Russia Access to Energy Research Brief

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Current Energy Landscape

Russia is the second largest producer of fossil fuels globally, and possesses territory containing 80 per cent of the world’s fossil fuel energy.[annotate info=’Clemente, Jude. “How Much Energy Does Russia Have Anyways?” Forbes, March 25, 2015.’] With an estimated 455-year supply of coal, and shale fields in Western Siberia many times the size of those that sparked the recent American fracking renaissance, energy security is not a pressing concern for the Russian Federation.[annotate info=’Clemente, 2015.’]  Such huge hydrocarbon reserves also mean that developing renewable energy is not a strategic goal for the Russian Federation, and investors have little incentive to fund studies or technology to diversify energy sources.[annotate info=’Rousseau, Richard. “Russia’s Energy Policy: Expanding Influence.” Diplomatic Courier, October 30, 2013.’] As such, Russia remains extremely dependent on fossil fuels for their energy needs. Although Russia is a huge global exporter of hydrocarbons, they also face a growing domestic demand for energy. By engaging with the globalized world, gas prices have doubled over the past 10 years, placing a major strain on lower income families in Russia.[annotate info=’Rousseau, 2013.’] In 2012, about 60 per cent of the gas produced in Russia was consumed domestically.[annotate info=’EurActiv. “Russia’s Natural Gas Dilemma.” EurActiv, April 11, 2012.’] Domestic gas sales are driven by one of the highest per capita consumption rates in the world — understandable, given Russia’s often cold climate and dark higher latitude. Additionally, Russian industry relies heavily on natural gas energy inputs.[annotate info=’EurActiv, 2012.’] The result is one of the most energy inefficient economies on the planet; Russia consumes roughly five times more energy per unit of Gross Domestic Product (GDP) than any other International Energy Agency (IEA) country.[annotate info=’Lychuk, Taras, Mark A. Halverson, and Volha Roshchanka. Analysis of the Russian Market for Building Energy Efficiency. Pacific Northwest National Laboratory, 2012.’][annotate info=’Laan, Tara. “The High Cost of Cheap Energy: Russia’s Fossil-Fuel Subsidies Undermine Sustainable Development.” International Centre for Trade and Sustainable Development, July 11, 2011.’]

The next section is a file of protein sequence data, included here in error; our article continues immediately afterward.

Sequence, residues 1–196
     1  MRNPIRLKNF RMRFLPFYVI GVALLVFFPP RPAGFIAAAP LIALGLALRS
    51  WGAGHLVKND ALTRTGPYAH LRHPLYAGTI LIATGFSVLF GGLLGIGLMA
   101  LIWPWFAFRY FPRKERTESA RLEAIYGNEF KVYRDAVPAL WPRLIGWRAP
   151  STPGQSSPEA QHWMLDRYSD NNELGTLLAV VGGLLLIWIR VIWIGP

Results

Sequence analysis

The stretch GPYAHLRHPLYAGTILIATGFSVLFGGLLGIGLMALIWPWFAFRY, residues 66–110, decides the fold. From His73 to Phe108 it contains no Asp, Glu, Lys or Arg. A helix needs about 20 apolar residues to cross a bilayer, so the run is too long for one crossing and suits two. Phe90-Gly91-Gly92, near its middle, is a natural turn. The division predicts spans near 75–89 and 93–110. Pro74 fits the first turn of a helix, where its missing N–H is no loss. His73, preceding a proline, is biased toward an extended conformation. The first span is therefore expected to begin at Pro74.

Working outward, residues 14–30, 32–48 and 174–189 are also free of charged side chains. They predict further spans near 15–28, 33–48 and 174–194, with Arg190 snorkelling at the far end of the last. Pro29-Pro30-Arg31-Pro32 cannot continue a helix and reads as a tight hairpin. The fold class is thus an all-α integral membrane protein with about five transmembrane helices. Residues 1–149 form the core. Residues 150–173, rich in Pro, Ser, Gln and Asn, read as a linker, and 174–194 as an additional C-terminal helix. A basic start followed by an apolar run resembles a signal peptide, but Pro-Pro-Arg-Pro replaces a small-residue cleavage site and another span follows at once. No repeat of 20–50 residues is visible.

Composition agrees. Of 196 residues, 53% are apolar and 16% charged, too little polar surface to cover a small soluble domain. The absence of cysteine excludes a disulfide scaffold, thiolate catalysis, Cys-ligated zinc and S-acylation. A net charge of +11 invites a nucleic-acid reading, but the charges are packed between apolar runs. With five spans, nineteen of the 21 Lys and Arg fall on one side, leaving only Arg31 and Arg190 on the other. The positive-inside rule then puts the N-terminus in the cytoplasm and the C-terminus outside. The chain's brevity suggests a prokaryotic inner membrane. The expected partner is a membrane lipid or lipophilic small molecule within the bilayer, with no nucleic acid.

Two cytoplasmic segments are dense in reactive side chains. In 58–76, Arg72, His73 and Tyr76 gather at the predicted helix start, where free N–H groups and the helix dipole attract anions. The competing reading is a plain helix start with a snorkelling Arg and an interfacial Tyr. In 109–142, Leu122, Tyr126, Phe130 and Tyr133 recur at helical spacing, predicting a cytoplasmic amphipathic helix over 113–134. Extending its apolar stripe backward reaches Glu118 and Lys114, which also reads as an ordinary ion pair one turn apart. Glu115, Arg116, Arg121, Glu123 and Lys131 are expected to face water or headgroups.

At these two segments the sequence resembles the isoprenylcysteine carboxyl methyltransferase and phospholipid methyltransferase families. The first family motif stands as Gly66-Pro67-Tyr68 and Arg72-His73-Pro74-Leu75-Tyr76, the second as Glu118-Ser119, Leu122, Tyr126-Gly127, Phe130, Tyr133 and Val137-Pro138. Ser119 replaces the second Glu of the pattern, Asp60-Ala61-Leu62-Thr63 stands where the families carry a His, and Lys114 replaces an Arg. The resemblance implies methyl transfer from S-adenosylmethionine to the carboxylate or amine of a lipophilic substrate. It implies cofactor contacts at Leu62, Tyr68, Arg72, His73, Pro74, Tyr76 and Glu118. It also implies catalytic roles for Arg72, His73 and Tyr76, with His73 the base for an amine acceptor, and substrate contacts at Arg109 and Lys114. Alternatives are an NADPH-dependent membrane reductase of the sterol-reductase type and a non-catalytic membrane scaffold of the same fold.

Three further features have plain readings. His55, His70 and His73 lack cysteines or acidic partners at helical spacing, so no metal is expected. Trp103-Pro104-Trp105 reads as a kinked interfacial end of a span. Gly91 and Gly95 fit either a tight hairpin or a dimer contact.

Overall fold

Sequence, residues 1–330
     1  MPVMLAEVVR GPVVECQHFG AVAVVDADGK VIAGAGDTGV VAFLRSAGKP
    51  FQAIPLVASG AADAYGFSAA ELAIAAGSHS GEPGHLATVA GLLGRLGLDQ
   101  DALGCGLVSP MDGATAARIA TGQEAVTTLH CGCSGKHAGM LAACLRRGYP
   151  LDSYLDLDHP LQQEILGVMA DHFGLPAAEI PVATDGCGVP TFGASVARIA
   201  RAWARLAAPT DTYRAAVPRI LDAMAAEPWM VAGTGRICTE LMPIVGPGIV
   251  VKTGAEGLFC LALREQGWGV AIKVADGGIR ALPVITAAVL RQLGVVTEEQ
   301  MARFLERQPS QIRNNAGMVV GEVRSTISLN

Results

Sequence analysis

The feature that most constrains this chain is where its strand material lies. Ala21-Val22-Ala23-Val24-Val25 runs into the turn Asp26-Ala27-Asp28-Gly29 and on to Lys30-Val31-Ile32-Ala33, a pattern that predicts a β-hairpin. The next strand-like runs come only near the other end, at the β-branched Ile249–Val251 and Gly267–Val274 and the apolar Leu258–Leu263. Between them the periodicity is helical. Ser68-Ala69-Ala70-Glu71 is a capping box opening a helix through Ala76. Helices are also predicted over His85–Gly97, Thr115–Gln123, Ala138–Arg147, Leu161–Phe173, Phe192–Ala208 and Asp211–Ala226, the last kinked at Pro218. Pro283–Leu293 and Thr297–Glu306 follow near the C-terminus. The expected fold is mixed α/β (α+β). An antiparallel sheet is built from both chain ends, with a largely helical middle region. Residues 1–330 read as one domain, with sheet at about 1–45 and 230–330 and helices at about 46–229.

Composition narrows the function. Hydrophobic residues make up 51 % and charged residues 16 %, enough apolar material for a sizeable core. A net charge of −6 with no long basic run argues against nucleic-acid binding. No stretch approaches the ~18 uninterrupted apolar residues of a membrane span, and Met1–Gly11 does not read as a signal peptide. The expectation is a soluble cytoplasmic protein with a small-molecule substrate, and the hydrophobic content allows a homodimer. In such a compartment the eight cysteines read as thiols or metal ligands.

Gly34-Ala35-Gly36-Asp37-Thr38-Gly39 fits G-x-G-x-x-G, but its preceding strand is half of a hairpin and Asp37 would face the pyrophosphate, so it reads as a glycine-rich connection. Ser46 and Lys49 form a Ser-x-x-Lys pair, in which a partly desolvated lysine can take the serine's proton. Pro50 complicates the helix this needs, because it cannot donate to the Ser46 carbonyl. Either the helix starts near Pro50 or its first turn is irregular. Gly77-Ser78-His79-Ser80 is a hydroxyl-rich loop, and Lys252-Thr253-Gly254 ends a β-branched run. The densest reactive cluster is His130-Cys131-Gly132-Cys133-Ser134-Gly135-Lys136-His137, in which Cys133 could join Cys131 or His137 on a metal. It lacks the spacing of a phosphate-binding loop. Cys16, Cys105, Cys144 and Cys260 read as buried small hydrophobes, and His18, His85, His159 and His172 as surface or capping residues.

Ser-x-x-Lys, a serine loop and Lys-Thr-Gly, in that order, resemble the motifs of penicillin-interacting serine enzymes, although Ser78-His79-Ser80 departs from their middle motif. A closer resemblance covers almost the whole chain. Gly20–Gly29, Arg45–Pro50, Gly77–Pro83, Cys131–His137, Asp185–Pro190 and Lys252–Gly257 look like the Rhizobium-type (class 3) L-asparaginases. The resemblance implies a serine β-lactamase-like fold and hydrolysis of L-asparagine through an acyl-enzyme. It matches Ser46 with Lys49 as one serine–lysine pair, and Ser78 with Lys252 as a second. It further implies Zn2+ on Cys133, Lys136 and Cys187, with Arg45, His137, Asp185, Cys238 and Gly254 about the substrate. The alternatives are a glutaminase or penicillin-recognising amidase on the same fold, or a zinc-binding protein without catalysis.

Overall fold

Energy Subsidies

Russia’s rich patrimony of fossil fuel reserves has led to the belief that cheap energy is the natural right of all citizens. To fulfill this expectation, Russia relies on an extensive system of commercial and residential energy subsidies. Unfortunately, these subsidies, along with the country’s massive fossil fuel reserves, are responsible for stifling innovation and creating Russia’s energy inefficient economy. In general, governments implement subsidies in an attempt to either stimulate a specific sector of the economy (for example manufacturing and agriculture in developing countries) or to aid the poorest members of society.[annotate info=’Dansie, Grant, Marc Lanteigne, and Indra Overland. “Reducing Energy Subsidies in China, India and Russia: Dilemmas for Decision Makers.” Sustainability 2, no. 2 (February 1, 2010): 475–93. doi:10.3390/su2020475.’] However, the short-term welfare and development benefits derived from energy subsidies are most often outweighed by their economic and environmental distortions. First, long-term, artificially low prices lead to wasting energy; consumers have no incentive to conserve, and greenhouse gas (GHG) emissions are unnecessarily high. An OECD study estimated that carbon dioxide emissions could have been reduced by six per cent globally between 2000 and 2010 if fossil fuel subsidies to industry were removed worldwide.[annotate info=’Dansie et al, 2010.’] Second, energy subsidies place a major strain on government budgets. Although oil prices crashed following the 2008 global recession, this actually placed a greater strain on subsidizing states, as falling tax levels made it even harder to upkeep expensive subsidies.[annotate info=’Ibid.’] The result is that socially beneficial institutions such as education and healthcare are starved of finances. In Russia, although gas exports are far smaller by volume than gas consumed at home, domestic sales are much lower than foreign sales.[annotate info=’eia. “Oil and Natural Gas Sales Accounted for 68% of Russia’s Total Export Revenues in 2013.” Today in Energy, July 23, 2014.’] The IEA estimated total Russian energy subsidies to be worth US$34 billion in 2009 — an amount that must somehow be made up from other government revenue.[annotate info=’Ibid.’] Finally, subsidies create major investment barriers to the development of renewable energy, as renewables cannot compete with artificially low fossil fuel prices. When the economy and society are looked at as a whole, energy subsidies tend to be more of a barrier than a support in achieving the United Nations’ post-2015 goal of “affordable, reliable, sustainable, and modern energy for all.”[annotate info=’Ruchser, Matthias. “Energy – the Seventh Sustainable Development Goal.” German Development Institute, March 9, 2015.’]